Q. There’s something about you that reminds me of Aphrodite.
A. Well, she had a good time.
Later, Aphrodite declares that “I don’t want to be pretentious,” but that “I was just in Java and it has about 350 active volcanoes. I’ll end up throwing myself into one. I think that would be very glamorous.”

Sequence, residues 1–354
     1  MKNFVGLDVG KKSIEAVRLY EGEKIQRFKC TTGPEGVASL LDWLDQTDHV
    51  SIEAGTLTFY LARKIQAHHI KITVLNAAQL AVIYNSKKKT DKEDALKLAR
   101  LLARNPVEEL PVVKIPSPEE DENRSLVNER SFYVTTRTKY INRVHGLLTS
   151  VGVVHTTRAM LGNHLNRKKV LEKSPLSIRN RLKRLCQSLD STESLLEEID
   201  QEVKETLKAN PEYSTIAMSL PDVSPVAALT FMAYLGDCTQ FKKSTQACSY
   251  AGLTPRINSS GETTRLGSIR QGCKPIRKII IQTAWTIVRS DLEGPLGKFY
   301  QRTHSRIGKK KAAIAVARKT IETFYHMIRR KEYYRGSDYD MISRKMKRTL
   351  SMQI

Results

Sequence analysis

In politics, Interview has one main object of veneration: the Reagans, around whose elderly flame the magazine flutters like a moth, waggling its little thorax at Jerry Zipkin, hoping for invitations to White House dinners or, even better, an official portrait commission for Warhol. Moving toward that day, it is careful to run flattering exchanges with White House functionaries Muffie Brandon. It even went so far as to appoint Doria Reagan, the daughter-in-law, as a “contributing editor.” to its editor, Reagan as Ceasar Augustus Americanus and Nancy a blend of Evita and the Virgin Mary, though in red. Warhow seems to share this view, though he did not always do so. for most of the Seventies he was in some nominal way a liberal Democrat, like the rest of the art world—doing campaign posters for McGovern, tyring to get near Teddy Kennedy. Nixon, who thought culture was for Jews, would never have let him near the White House. When Warhol declared that Gerald Ford’s son Jack was the only Republican he knew, he was telling some kind of truth. However, two things changed this in the Seventies: the Shah, and the Carter administration.